Environmental health was as strong a theme as human health at the 2019 Menus of Change Summit, a joint initiative of the Culinary Institute of America and the Harvard T.H. Chan School of Public Health held in mid-June. Plant-forward cooking demos and discussions continue to be a focus of the conference, but attention was also paid to impactful issues such as biodiversity, climate change and world hunger.
Much of the programming evolved from the recently published report by the EAT-Lancet Commission on Food, Planet, Health, which painted a rather grim picture of what world health and food production will look like in 2050. The foodservice industry must continue to make progress with plant-forward eating and address other imminent challenges in order to feed 10 billion people healthy diets from sustainable food systems 30 years from now, attendees learned. Here are six ways to take action.
1. Go for a different grain
Fonio, a largely unexplored grain in the millet family, has an excellent nutrition and sustainability profile. The protein-rich grain grows quickly and requires little water, which allows farmers in West Africa to harvest up to four crops a year. Chef Pierre Thiam—a Senegalese chef who recently opened Teranga, a pan-African concept in New York City—uses fonio as a base for build-your-own bowls that may also include sweet potatoes, okra and other vegetables. Fonio is smaller in size than millet, so it cooks quickly to four or five times its volume. During a demo at the conference, Thiam created fonio sushi, swapping in the grain for rice. It also works well in stuffings, pilafs, breakfast porridge, crepes and other applications.
2. Source for biodiversity
To combat climate change and promote sustainability, the future of food must be biodiverse, said Mike Lee, co-founder of Alpha Food Labs, a food and drink innovation company. Two-thirds of the food we eat comes from 12 plants and five animals, Lee said. To encourage biodiversity, he reverses the sourcing paradigm by asking farmers what they want to sell to him and charged chefs and operators to do the same, thus creating dishes from underutilized plants. Alpha Food Labs launched Crop Crackers, inspired by crop rotations. They’re made from winter wheat and flax.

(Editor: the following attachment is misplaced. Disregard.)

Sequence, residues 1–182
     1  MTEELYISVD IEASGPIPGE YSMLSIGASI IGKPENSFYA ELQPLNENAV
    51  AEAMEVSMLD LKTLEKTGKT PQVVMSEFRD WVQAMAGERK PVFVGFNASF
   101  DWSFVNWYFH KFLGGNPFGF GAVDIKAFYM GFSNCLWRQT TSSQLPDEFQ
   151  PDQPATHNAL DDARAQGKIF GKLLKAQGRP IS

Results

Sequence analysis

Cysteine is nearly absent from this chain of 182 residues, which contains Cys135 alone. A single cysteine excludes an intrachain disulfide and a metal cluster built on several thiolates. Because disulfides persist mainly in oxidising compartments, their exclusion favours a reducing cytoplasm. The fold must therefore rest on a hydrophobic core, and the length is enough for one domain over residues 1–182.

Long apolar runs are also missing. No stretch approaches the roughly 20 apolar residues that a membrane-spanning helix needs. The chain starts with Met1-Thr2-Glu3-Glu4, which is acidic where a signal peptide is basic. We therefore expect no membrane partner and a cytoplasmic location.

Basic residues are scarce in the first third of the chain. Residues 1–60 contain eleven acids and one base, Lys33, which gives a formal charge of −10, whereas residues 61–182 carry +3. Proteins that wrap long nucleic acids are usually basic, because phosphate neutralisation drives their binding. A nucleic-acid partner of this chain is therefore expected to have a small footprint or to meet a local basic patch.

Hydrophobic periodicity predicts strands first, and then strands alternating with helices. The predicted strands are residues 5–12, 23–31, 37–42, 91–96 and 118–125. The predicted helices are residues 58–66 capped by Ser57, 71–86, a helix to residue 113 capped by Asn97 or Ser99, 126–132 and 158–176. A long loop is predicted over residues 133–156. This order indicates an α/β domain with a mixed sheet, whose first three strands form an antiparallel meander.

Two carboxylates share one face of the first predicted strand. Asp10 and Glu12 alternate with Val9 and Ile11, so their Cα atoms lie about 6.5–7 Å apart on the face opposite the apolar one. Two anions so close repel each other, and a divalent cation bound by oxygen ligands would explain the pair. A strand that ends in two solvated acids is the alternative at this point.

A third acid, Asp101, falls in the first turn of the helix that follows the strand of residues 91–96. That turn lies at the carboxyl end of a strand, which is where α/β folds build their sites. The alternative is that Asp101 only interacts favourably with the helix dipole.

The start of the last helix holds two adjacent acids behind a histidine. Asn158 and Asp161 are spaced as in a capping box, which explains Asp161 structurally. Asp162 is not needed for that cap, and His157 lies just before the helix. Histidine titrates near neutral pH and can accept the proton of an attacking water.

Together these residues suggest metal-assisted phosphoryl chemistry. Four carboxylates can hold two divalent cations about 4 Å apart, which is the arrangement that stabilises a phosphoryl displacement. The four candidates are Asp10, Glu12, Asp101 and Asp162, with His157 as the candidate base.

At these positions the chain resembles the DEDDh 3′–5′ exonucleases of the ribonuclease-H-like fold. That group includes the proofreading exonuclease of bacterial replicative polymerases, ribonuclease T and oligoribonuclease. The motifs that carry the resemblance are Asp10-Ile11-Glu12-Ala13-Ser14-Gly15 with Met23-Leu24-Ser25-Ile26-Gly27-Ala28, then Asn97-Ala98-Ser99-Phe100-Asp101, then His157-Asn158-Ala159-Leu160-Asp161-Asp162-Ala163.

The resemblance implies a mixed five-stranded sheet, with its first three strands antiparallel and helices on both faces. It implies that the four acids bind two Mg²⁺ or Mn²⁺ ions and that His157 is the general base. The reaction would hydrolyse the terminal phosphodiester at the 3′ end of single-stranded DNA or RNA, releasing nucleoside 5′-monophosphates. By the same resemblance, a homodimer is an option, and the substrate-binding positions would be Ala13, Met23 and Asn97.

3. Start with the seed
Casey Gleason, VP of food and beverage for Sweetgreen, said the fast casual introduced more biodiverse sourcing by starting at the seed level. “We bought 100,000 seeds of a vegetable we never heard of—koginut squash—and gave them to six farmers to plant,” he said. The result was 26 acres of squash, which Sweetgreen turned into a seasonal LTO, selling 120,000 koginut squash bowls across its 90-plus locations. “Customers are more ready for this than ever before. … Give them the opportunity to effect change,” Gleason said. Preserving diversity through seed banks can help mitigate the effects of climate change, according to Crop Trust, which also presented at Menus of Change.
4. Pump the brakes on plant-based meats
Mimicking burgers and meatballs with fake meat can help move consumers toward a plant-forward diet, but it has to be done in conjunction with vegetable creativity. “The Impossible Burger is like a nicotine patch,” said Walter Willett, professor at the Harvard T.H. Chan School of Public Health. “It can help ease the transition, but it’s not the healthiest option.” Housemade veggie burgers may be more labor intensive, but they have simpler, cleaner ingredient lists.
5. Menu more kinds of vegetables
A tasty way to foster biodiversity is to menu a different vegetable every week, said Anahita Dhondy, chef-owner of a cafe in Mumbai. Adding a lesser-known, highly nutritious crop such as moringa to the salad bar or subbing purple yams for white potatoes can be a win-win for health and the planet. She suggests patterning American dishes after Indian food, embracing a wide variety of vegetables.
At Clover Food Lab, a 12-unit fast casual that is “erasing the carbon footprint by swapping meat for plants,” founder Ayr Muir doesn’t let the four seasons limit his menu’s seasonality. Some local produce may be in season for just a week, and the brand embraces that, he said. “When a vegetable runs out, we cross it off the list and go on to the next. This connects deeply with our customers.”
6. Boost others’ food IQ
“Food knowledge should be a core tenet of the culture,” said Becky Mulligan, CEO of The Little Beet restaurant chain. To get buy-in, she advocates bringing the team along when introducing any new plant—from sourcing to serving—so they can learn about it and relay the information to guests.
Yale University’s dining program has evolved from transactional to transformational, said Rafi Taherian, associate VP for Yale Hospitality. He and his team bring subject matter experts to campus—anthropologists, environmentalists, industry experts and chefs from other countries—to discuss plant-forward diets and other eating styles from all points of view. For students, this “experiential dining is improving food literacy,” he said.